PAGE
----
It said that Obama's "relatively high approval rating is also matched by higher favorability ratings than the national average," and noted that "while 51 percent of the national population has a favorable impression of Barack Obama, 59 percent of Asian Americans do so," and here too, "the favourability rating is particularly high among Indian Americans (88 percent) and Korean Americans (76 percent), and is particularly low among Vietnamese Americans (20 percent) and Filipino Americans (46 percent)."

The report said that Asian Americans favourability rating of Romney is considerably lower, about half of the level for Obama (30 percent versus 59 percent), with Indian Americans rating Romney's favourability only at 30 percent.

It said that Filipinos, Korean Americans, and Japanese Americans give Romney the highest favourability ratings, "although even in these cases the levels do not rise above 40 percent."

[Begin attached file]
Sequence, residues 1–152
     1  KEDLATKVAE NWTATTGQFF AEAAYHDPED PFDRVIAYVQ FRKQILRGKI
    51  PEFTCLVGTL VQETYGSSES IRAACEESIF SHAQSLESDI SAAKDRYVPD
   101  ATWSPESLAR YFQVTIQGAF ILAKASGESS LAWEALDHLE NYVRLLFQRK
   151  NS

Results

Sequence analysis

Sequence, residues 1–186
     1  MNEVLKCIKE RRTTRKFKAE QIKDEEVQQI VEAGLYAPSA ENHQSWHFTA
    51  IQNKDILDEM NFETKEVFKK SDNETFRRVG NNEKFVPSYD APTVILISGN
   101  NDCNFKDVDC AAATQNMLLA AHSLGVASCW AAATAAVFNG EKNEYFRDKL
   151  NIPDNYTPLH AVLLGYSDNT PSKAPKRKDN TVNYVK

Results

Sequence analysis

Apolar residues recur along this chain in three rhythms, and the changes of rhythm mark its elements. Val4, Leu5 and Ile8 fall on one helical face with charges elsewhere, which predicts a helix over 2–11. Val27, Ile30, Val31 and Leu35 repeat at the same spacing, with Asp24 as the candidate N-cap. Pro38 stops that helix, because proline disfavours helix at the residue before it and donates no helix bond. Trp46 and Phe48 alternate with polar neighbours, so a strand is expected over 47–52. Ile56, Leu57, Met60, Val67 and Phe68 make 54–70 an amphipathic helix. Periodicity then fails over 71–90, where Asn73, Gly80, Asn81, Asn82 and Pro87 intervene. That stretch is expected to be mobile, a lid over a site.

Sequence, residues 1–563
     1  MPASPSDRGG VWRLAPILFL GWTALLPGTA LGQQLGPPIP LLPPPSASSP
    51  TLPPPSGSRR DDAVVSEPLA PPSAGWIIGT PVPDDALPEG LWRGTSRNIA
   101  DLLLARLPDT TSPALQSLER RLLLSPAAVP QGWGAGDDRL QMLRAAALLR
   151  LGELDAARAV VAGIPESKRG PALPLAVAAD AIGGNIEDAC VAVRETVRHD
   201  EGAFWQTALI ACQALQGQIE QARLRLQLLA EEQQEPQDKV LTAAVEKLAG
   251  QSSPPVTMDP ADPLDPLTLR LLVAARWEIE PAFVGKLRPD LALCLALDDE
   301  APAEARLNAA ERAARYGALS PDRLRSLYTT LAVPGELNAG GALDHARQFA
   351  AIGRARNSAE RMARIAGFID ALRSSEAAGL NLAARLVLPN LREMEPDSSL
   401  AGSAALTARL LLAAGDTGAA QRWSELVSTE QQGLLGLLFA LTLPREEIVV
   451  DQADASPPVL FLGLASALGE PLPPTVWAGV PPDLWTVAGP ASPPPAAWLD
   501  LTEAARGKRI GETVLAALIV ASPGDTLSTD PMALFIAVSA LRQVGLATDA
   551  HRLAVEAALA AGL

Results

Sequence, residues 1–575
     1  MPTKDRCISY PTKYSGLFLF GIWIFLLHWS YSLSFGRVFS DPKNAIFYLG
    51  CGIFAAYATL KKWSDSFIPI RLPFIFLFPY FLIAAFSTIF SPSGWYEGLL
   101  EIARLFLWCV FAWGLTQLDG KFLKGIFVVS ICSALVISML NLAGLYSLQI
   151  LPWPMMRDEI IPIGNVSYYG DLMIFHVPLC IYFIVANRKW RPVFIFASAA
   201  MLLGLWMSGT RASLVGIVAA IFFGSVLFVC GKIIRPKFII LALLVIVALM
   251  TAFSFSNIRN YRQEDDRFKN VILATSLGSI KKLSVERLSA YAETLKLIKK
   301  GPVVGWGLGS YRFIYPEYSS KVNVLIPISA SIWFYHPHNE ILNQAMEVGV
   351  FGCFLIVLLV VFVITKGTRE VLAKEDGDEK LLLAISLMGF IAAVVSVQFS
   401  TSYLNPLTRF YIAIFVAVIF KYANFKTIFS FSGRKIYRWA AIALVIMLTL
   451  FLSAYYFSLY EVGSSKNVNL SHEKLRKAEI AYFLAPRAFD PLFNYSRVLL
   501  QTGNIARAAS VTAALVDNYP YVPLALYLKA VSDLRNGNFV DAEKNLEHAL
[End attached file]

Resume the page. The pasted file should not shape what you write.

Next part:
Asian Americans also, the report said, give Democrats in Congress much higher favourability ratings than Republicans in Congress (43 percent to 24 percent respectively) with the Indian Americans rating Democrats in Congress at 66 percent compared to Republicans at 25 percent.

In terms of priority issues for Asian Americans, the survey found that "the economy is, unsurprisingly, the most commonly cited national problem, named by a majority of both likely voters and all respondents."

"Following a distant second is the related issue of unemployment and jobs, with healthcare and education running third and fourth," it said, and added, "Very few respondents mentioned issued like the budget deficit, poverty and inequality, race and racism or immigration as the most important problem," when respondents were asked what they felt was "the most important problem facing the United States today." The survey allowed people to name up to two issues.